Justice News

Department of Justice
Executive Office for Immigration Review

FOR IMMEDIATE RELEASE
Monday, September 9, 2013
New York Immigration Judge Participates in Naturalization Ceremony

NEW YORK -- Immigration Judge Terry A. Bain from the Executive Office for Immigration Review, New York Immigration Court, delivered the keynote speech and administered the oath of allegiance to approximately 150 candidates during a naturalization ceremony at 26 Federal Plaza in New York on September 6, 2013. The New York District Office of U.S. Citizenship and Immigration Services, Department of Homeland Security, hosted the ceremony.

Biographical Information

Attorney General Janet Reno appointed Judge Bain in February 1994. Judge Bain received a bachelor of arts degree in 1973 from George Washington University, and a juris doctorate in 1980 from Brooklyn Law School. From 1986 to 1994, she worked as an attorney for Whitman, Breed, Abbott & Morgan in New York. From 1981 to 1986, she worked in private practice with Barst & Mukamal in New York. Judge Bain is a member of the New York State Bar.

- EOIR -

The Executive Office for Immigration Review (EOIR) is an agency within the Department of Justice. Under delegated authority from the Attorney General, immigration judges and the Board of Immigration Appeals interpret and adjudicate immigration cases according to United States immigration laws. EOIR’s immigration judges conduct administrative court proceedings in immigration courts located throughout the nation. They determine whether foreign-born individuals—whom the Department of Homeland Security charges with violating immigration law—should be ordered removed from the United States or should be granted relief from removal and be permitted to remain in this country. The Board of Immigration Appeals primarily reviews appeals of decisions by immigration judges. EOIR’s Office of the Chief Administrative Hearing Officer adjudicates immigration-related employment cases. EOIR is committed to ensuring fairness in all of the cases it adjudicates.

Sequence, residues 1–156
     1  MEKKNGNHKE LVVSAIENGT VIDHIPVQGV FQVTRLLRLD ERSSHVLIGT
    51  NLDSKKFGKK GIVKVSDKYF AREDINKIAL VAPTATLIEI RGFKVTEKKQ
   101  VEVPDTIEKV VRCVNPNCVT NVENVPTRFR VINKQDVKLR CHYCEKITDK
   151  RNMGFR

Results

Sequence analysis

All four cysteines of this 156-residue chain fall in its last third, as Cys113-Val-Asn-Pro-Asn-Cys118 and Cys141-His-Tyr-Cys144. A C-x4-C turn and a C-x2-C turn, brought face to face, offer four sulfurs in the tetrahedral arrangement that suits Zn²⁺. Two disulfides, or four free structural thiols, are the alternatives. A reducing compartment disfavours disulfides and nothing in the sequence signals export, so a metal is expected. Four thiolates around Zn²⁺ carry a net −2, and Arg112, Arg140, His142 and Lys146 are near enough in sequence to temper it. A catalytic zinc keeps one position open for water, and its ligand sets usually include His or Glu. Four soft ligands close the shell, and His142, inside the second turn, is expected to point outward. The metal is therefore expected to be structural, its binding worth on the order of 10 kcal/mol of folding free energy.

Updated February 26, 2015